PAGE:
Six Weeks In: A Commitment to the Practice of Discernment

photo (17)There are many needs in our world. A quick glance at the local newspaper, evening news, or smart phone notifications serves as a reminder for all of us of the need that the world has for healing, wholeness, and restoration. Congregations have to figure out how they are being called to be agents of healing in light of all the brokenness. The question is, how do we decide what we are being called to be as God’s people?

It is easy to do what we have always done. In most cases this includes mostly internal programming that is member centered. Even when we engage missionally we tend to look at our initiatives from our perspective instead of from those that we are trying to reach. A sense of inertia begins to take away our missional energies and imagination.

The practice of discernment is a foundational practice that we must learn as a faith community. Discernment is about seeking God’s will for our life together. Practicing discernment helps us go beyond personal preference, a silo mentality, and member centered programs. In its place we as a people begin to hear God, knowing that God will show us the path and will provide for the resources needed to accomplish it. It is up to the leaders of the faith community, both lay and clergy, to lead into discernment. As Kenneth Carder and Laceye Warner remind us:

Integral to leadership is a coherent vision big and comprehensive enough to energize, inspire, and mobilize individuals and communities into something new.
from Grace to Lead: Practicing Leadership in the Wesleyan Tradition, (27)

Practices of discernment are learned and fostered in discipling communities. It is in these communities of love, mutual care, and accountability that each person is provided with fertile ground for a life lived through discernment. Discipleship communities help our individualistic society recognize that making decisions through the lenses of faith is not a solitary affair but takes a community to test the spirits and make room for God’s voice to be clearly heard.

In her book Pursuing God’s Will Together: A Discernment Practice for Leadership Groups, Ruth Haley Barton defines discernment as:

[Discernment] is the capacity to recognize and respond to the presence and the activity of God–both in the ordinary moments and in the larger decisions of our lives.

This capacity for recognition and response is rooted in prayer, scripture meditation, and silence/listening.

Prayer is the basic posture of the Christian life. Prayer aligns us with God and God’s purposes and opens the door to the divine life. Prayer also unites us with our neighbors and the world by its insistence that, as the Lord’s Prayer tells us, “your kingdom come, your will be done on earth as it is in heaven.” In order for discernment to be a fruitful practice we must foster a prayer-full life in our people and in our communal life.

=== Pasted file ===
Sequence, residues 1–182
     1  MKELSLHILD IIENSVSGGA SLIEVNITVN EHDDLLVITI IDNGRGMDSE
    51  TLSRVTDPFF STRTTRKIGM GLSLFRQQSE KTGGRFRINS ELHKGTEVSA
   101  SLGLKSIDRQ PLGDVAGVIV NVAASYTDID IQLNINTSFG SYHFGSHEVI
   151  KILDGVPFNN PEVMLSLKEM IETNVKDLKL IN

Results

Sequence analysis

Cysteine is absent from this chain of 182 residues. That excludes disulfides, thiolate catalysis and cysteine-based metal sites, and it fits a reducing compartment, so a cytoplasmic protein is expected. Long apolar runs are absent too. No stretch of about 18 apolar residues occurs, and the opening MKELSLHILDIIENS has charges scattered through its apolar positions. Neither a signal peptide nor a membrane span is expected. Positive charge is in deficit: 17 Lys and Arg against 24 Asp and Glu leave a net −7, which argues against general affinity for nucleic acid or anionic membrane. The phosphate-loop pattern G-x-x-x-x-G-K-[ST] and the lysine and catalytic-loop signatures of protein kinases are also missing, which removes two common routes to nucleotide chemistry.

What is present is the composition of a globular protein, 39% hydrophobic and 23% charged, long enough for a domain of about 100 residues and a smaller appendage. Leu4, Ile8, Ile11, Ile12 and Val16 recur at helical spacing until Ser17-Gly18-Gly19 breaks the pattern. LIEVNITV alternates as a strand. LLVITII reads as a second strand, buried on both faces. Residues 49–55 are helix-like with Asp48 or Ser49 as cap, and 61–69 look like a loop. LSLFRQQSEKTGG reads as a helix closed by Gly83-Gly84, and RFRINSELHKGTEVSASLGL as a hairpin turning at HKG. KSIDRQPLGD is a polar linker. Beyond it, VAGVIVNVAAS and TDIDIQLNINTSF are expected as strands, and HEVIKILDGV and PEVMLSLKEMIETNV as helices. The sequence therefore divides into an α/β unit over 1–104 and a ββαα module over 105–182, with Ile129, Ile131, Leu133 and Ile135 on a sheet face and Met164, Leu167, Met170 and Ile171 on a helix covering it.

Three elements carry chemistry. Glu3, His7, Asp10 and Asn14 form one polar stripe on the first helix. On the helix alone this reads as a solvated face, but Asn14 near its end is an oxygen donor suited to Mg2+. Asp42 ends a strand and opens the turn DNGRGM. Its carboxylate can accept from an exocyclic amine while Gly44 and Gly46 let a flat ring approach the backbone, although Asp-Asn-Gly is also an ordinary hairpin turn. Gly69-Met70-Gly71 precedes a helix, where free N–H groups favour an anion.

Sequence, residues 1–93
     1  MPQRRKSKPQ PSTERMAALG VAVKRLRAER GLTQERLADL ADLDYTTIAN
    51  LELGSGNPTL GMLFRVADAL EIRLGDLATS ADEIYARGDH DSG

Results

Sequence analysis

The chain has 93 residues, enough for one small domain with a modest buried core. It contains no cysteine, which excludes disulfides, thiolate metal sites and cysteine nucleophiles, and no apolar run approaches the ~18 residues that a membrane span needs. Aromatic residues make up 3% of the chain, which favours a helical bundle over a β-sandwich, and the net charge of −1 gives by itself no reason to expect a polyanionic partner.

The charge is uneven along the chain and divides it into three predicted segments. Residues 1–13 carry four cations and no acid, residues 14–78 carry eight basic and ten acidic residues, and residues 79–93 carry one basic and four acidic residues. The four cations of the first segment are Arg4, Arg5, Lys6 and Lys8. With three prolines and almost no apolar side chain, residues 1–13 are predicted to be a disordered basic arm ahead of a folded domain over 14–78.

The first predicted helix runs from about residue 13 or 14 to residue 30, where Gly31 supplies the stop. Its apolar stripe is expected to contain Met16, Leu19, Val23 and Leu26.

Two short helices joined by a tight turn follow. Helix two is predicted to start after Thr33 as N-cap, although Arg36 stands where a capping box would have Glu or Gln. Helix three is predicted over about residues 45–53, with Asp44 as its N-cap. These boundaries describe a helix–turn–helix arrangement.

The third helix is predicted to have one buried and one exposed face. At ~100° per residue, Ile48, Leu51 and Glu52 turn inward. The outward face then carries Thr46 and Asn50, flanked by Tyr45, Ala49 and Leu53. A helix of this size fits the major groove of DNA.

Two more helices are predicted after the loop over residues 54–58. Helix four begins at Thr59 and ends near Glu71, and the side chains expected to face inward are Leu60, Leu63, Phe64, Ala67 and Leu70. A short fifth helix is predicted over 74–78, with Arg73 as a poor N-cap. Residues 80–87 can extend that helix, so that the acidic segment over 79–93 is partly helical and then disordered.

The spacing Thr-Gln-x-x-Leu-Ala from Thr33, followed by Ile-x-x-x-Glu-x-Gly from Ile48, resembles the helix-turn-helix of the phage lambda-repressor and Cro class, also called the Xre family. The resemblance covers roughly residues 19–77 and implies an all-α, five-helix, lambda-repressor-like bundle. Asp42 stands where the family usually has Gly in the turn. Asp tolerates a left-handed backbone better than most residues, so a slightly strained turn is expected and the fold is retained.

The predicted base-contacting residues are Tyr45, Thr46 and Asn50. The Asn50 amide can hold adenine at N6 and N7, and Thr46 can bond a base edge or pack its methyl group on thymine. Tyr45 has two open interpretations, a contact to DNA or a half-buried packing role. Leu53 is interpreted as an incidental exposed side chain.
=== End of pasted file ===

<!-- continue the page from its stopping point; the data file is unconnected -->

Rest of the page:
In his sermon “The Means of Grace,” John Wesley, the founder of the Methodist Movement,¬†tells us that “searching the Scriptures; (which implies reading, hearing, and meditating thereon)” is one of the “ordinary channels of conveying his grace to the souls of men.” So it should not surprise us that searching and meditating upon scripture is one of the key ingredients to a practicing discernment. Through scripture we are able to remember our story, hear God’s voice, and align our will to God’s.

One of the most neglected yet most important practices in our life of faith is silence/listening. It is in silence that we are able to meditate on God’s word, receive the prayer of other believers and hear God’s voice. Silence is a learned practice, especially in our noisy world, that must be fostered not just in our individual lives of prayer but also in our life of worship and accountability. The silence allows us to discern by clearing the noise of our self-centerdness (the desires of the flesh: see Galatians 5:17) and ¬†focusing our attention on the Spirit’s presence in us and at work in the world.

I believe that we as a people are being called to model and practice discernment for our communal life. No longer dependent on pastoral ideas, staff initiatives, and programs and instead begin together to hear God’s voice that is calling us to be agents of transformation, of God’s shalom (peace, wholeness, restoration, salvation), for our community and for those that God sends our way. In other words we are a sent people as well as a gathered people. It is in the rhythms of gathering that discernment takes place so that we are truly sent in God’s name and not in ours.

We must begin to test the spirits as we assess our current ministry, worship life, and calling. Where do we sense God calling us towards? What are the places where we sense energy, passion, and drive? What are the places where we sense anxiety, low morale, and paralysis? As Ruth Haley Barton reminds us “does our organizational culture transform or deform?” (79)

At it’s core a commitment to the practice of discernment is a commitment to a God centered way of communicating with God, with each other and with the world.

Anything less than clear, honest communication patterns places the community in great peril.”
from Pursuing God’s Will Together (101)

I look forward to the ways that God will speak to us as we commit to discerning our life together. What do you think?


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